A thin, tough, flexible "electric blanket" that provides
uniform heat on low voltage power?
Is this just what the concrete industry
has been waiting for?
Rotherham based Inditherm's flexible carbon-based conductive polymer is a
solution looking for lots of problems. Sandwiched between a range of protective
and insulating materials the patented polymer is transformed into a heating
blanket that can be as little as 6mm thick. Yet it can produce temperatures of
up to 120°C on voltages less than 48v and operate on as little as 6v. And
because the polymer is present throughout the blanket the pattern of heat
generated is absolutely uniform and free from "hot spots".
The Inditherm technology has already been adopted by other industrial sectors
for purposes as diverse as keeping football pitches frost free and hospital
patients warm. Now, in conjunction with Sheffield Hallam University's Centre for
Infrastructure Management, Inditherm is looking towards the construction sector
for new opportunities.
One obvious niche is precast concrete production, and Inditherm has already
carried out trials with at least one producer. In this application a
'unidirectional' sandwich is used, with heavy insulation on the outer face of
the blanket to ensure as much of the heat available as possible goes into the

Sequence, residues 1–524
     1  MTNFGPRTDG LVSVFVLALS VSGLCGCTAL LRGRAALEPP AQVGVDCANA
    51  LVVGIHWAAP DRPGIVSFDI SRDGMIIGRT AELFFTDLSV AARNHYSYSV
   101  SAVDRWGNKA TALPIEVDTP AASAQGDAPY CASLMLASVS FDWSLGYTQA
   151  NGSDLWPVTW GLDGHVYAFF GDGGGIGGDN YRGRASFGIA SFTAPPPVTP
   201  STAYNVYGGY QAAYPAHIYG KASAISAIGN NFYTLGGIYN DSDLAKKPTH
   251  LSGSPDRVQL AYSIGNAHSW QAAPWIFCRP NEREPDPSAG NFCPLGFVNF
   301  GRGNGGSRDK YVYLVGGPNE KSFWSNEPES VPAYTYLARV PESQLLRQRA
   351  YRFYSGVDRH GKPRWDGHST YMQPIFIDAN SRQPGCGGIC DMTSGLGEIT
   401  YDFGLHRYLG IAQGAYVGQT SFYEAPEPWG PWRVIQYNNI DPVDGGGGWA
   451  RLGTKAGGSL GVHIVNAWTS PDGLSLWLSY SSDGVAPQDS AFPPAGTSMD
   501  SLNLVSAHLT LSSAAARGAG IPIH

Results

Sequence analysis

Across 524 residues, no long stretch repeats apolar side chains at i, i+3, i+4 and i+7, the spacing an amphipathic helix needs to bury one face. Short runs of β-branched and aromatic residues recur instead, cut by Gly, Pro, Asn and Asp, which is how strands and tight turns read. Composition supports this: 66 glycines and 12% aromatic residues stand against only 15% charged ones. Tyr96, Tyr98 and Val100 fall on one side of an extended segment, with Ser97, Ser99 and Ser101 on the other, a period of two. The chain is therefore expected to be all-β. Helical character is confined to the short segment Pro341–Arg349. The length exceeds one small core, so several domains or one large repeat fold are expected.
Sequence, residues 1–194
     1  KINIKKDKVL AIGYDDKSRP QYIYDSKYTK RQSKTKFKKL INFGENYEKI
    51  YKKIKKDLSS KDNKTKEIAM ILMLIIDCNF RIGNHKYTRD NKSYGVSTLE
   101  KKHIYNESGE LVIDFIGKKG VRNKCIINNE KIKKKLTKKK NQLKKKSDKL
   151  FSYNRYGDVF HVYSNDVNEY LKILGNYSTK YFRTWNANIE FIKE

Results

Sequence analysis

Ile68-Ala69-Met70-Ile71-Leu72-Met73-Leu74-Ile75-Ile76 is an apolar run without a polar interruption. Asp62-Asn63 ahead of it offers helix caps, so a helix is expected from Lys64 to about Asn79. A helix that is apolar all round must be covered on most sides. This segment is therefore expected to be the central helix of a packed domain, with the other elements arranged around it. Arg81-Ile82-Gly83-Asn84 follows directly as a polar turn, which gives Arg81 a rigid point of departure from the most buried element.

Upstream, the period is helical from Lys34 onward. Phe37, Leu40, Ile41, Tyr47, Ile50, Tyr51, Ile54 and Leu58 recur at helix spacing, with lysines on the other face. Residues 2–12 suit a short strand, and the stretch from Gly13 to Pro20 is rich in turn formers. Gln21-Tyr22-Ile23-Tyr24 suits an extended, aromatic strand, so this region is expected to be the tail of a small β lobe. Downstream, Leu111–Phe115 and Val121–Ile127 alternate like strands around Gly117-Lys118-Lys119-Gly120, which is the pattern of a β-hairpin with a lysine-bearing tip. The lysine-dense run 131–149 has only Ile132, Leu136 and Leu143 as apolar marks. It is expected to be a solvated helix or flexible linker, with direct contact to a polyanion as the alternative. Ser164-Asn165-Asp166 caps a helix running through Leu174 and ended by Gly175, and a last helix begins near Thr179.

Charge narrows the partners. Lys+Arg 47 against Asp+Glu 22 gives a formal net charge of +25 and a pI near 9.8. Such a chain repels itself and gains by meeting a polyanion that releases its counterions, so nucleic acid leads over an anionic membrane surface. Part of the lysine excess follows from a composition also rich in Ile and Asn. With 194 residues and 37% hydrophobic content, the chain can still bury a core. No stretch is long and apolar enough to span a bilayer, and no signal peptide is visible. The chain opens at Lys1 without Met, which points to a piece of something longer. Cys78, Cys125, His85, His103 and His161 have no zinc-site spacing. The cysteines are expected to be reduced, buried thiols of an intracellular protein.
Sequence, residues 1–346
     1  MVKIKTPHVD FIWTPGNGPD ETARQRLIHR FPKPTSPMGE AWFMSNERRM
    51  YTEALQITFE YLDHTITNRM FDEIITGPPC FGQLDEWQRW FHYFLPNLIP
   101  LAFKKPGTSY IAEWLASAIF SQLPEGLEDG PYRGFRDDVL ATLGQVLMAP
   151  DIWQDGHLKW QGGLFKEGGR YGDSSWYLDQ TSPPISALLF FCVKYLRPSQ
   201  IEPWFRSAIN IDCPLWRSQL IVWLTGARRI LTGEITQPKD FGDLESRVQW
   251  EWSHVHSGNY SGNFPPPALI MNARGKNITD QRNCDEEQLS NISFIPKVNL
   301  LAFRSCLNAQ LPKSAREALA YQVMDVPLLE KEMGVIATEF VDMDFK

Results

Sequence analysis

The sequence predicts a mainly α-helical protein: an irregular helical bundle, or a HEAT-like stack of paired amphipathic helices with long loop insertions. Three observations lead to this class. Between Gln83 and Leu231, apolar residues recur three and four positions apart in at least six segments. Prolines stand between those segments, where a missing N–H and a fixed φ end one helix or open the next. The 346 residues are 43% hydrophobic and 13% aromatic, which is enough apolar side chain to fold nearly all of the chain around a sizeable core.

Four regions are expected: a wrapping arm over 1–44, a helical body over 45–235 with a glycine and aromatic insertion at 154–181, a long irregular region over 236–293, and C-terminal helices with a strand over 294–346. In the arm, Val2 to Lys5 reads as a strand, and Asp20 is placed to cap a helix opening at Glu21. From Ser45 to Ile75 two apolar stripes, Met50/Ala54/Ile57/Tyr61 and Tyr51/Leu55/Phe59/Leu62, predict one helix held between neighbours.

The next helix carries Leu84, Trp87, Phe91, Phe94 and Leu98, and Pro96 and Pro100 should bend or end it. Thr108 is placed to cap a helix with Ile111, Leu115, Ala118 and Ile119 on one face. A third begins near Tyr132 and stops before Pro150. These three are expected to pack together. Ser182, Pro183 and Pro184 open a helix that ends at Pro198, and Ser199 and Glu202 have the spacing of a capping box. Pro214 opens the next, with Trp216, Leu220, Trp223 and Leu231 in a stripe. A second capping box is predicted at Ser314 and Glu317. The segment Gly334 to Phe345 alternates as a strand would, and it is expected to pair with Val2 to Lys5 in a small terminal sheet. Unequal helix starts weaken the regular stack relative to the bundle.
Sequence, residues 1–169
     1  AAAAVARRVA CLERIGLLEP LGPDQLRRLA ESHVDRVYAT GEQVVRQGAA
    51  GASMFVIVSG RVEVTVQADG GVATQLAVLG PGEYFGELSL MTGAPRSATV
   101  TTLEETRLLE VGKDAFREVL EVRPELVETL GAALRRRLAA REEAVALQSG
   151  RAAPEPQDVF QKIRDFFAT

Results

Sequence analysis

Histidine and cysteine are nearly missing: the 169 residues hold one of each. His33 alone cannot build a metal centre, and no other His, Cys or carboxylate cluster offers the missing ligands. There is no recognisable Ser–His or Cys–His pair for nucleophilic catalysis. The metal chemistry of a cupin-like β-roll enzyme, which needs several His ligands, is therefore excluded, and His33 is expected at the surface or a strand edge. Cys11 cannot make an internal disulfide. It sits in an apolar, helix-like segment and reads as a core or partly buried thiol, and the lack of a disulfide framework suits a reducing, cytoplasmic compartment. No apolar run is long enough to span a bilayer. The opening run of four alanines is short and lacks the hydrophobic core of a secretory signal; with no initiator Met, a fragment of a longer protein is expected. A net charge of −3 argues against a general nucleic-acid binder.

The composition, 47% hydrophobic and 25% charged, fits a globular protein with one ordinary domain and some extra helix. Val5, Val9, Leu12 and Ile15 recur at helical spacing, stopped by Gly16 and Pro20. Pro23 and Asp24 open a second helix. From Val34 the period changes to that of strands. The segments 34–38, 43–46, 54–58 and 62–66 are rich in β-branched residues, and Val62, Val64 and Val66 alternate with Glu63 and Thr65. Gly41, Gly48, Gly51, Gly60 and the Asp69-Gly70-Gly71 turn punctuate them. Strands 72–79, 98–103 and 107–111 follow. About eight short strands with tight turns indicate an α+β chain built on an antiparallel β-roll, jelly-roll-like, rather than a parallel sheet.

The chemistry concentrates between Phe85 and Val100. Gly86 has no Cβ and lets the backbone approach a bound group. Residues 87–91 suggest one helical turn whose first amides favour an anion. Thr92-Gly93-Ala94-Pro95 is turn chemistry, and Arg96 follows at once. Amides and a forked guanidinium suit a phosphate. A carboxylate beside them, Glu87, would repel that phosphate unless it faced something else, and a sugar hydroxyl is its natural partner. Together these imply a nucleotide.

concrete rather than the surrounding air.
From these trials Inditherm calculated that switching from steam curing to
the polymer blanket would save this particular producer some £200,000pa on
heating costs alone. Additional benefits would include a safer working
environment and improved quality through a more controllable and uniform heating
Lateral thinking came up with another precast concept. Inditherm proposes
that the unidirectional polymer sandwiches are actually cast into precast wall
panels intended for use in prisons and other similar high security buildings.
These panels in effect become structural storage radiators, eliminating the need
for hot water radiators and pipework that are prone to vandalisation and
conversion into improvised weapons and missiles.
Further down the line is the possibility of using such heating panels in
modular construction systems to minimise time on site and the need for
specialised trades following on behind erection of the building envelope.
Low temperature concreting on site is another obvious possible application.
Low voltage operation and the material's high inherent flexibility make it
adaptable to almost every conceivable application on site - and it works in
ambient temperatures as low as -40° C.
Less obvious but possibly more important, Inditherm believes, is the use of
the polymer sheets as integral heating in concrete bridge decks. This would
eliminate the need to use de-icing salts on the structure, reducing the risk of
reinforcement attack by chloride ions. Integral Inditherm panels could also keep
disabled access ramps clear of ice - and with recent legislation likely to
catalyse a major spurt in access ramp construction this could be a very
attractive option for building owners.
Some day we might all be wearing winter clothing with Inditherm heating built
in, powered by a miniature fuel cell in a back pocket. Long before then many in
the construction industry will have taken advantage of the Inditherm concept to
solve some niggling problems. In the concrete sector alone the possibilities are
This article was written by Dave Parker of The New
Civil Engineer, and appeared in the feature New Concrete Engineering, September